Heffernan (2001) offers six models to consider when designing a service-learning course. Whether creating a new course or reconstructing an existing course to incorporate service-learning pedagogy, choosing an appropriate model will help to ensure the purposes and goals of service-learning are attained:
"Pure" Service-Learning courses adopt as their intellectual core the idea of service and community engagement. Such courses are not content-specific to a particular academic discipline, but prepare students with the knowledge, skills, and competencies necessary for community engagement.
Discipline-Based Service-Learning courses engage students in reflection on their service experience regularly using discipline-based course content as a basis for their analysis and understanding.
Problem-Based Service-Learning courses engage students in service with community members to understand a particular problem or need and prepare students with the knowledge necessary to make recommendations to the community.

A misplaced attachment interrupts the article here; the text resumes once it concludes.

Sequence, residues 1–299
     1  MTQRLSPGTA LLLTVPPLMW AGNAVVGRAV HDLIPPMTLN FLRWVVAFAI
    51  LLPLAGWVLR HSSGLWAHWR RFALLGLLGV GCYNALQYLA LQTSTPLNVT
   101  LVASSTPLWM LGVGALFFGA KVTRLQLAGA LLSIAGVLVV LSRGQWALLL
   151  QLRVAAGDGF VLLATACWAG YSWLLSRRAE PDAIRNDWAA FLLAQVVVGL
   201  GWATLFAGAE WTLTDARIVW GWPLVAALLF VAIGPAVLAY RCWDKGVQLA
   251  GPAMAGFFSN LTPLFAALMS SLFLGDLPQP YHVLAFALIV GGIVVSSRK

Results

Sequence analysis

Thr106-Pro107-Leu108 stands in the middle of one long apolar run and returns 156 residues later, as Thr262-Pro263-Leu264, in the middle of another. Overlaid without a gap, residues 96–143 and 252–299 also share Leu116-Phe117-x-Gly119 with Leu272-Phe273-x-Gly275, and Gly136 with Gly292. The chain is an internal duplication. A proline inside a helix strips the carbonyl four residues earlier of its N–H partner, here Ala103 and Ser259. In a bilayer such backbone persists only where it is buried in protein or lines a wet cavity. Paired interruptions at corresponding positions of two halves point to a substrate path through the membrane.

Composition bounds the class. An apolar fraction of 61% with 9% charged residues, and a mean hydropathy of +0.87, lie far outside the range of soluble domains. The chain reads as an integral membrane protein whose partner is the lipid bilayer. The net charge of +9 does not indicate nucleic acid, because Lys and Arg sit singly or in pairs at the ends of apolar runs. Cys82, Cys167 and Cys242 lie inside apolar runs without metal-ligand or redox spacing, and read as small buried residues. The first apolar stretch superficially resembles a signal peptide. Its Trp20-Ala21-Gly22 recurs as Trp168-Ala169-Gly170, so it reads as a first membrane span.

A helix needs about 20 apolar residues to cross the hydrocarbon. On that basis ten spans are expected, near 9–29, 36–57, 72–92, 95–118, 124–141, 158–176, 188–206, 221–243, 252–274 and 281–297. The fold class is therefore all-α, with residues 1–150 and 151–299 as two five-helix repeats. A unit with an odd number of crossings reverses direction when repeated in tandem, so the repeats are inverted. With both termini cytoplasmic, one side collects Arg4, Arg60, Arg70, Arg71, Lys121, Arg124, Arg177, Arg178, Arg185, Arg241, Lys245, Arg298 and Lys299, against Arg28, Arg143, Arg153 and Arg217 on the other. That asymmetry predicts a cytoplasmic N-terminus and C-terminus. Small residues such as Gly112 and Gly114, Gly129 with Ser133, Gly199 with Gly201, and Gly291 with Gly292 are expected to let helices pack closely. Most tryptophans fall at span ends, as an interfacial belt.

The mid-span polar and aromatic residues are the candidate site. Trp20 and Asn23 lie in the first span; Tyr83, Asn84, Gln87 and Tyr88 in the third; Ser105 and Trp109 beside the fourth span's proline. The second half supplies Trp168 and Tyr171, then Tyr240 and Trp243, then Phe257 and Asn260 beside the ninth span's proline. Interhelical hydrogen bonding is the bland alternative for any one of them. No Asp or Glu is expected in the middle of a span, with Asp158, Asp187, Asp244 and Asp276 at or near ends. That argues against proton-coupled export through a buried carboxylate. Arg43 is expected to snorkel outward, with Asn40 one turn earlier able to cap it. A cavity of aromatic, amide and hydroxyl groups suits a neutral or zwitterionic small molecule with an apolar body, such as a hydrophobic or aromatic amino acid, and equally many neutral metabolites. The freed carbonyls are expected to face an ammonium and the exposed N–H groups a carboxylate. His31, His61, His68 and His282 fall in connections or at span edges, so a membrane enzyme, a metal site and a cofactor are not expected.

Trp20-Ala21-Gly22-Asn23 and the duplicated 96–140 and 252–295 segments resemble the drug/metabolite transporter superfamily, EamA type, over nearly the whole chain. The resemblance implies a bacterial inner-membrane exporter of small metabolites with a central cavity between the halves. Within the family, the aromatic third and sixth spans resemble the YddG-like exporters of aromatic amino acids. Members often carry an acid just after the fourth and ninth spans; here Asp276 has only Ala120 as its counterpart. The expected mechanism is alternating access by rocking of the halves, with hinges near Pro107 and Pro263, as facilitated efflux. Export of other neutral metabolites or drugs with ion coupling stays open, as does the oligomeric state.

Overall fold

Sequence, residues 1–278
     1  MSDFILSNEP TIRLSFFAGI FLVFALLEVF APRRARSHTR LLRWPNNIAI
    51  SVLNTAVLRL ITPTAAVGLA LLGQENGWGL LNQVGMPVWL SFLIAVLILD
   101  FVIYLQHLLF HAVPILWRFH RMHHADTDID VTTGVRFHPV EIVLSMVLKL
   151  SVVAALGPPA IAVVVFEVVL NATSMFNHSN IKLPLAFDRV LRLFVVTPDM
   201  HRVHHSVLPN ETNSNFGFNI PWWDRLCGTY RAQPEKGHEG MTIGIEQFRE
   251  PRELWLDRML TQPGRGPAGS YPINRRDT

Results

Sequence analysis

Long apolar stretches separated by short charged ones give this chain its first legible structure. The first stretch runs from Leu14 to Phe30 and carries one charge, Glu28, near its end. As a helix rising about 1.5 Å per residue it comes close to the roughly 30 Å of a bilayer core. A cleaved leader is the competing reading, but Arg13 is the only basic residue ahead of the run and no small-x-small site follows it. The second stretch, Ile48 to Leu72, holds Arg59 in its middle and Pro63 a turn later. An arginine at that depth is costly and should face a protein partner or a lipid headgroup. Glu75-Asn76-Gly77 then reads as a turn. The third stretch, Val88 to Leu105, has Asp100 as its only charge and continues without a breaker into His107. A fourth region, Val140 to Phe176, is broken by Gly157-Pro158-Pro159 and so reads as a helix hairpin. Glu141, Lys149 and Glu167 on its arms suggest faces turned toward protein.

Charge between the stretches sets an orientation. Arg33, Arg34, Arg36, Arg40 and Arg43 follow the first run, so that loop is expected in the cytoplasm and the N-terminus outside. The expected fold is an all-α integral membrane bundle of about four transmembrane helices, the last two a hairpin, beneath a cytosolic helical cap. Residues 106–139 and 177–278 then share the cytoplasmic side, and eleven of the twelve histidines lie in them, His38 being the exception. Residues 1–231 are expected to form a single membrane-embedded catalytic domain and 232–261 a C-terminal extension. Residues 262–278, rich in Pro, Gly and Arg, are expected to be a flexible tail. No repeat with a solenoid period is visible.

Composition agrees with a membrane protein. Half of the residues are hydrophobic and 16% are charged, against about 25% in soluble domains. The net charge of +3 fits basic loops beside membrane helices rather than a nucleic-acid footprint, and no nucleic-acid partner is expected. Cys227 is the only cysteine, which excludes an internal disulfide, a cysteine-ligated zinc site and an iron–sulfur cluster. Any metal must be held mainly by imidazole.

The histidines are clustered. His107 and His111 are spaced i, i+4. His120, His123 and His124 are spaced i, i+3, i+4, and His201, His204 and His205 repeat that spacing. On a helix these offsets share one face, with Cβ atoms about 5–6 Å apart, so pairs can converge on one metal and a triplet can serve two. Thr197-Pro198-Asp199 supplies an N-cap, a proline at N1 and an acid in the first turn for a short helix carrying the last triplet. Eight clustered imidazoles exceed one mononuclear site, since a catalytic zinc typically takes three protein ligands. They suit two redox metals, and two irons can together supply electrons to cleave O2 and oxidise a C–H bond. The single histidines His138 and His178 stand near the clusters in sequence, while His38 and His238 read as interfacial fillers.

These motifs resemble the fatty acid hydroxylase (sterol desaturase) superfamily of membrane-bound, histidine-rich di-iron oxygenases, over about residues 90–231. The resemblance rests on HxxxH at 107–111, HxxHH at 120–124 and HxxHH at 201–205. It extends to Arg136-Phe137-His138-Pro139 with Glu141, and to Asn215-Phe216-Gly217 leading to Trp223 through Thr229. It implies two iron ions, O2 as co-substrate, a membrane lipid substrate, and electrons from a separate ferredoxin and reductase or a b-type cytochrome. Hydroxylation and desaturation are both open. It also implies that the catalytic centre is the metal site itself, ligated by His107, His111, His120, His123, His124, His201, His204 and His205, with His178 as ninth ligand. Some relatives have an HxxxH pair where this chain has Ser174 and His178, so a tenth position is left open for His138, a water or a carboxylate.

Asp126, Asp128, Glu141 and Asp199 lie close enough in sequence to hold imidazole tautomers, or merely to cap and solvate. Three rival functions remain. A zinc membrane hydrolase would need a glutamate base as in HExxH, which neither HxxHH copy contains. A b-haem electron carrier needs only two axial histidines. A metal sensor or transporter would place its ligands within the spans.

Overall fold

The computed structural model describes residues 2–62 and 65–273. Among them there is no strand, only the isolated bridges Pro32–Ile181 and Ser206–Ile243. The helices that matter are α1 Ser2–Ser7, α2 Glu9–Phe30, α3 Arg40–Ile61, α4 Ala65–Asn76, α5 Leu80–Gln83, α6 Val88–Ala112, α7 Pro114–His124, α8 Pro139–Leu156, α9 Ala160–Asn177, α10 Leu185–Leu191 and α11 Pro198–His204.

Capstone Courses ask students to draw upon knowledge developed throughout their course work and combine it with relevant service with the community.
Service Internships generally engage students in a more intensive time requirement and require students to produce a body of work that is of value to the community or site. Unlike traditional internships, service internships incorporate ongoing reflection using discipline-based theories in small groups or one-on-one meeting with faculty advisors.
Community-Based Action Research engages the researcher(s) in working side by side with the community to co-construct research questions and methods, collaboratively implement the research design, and adopt shared responsibility for the application of research findings.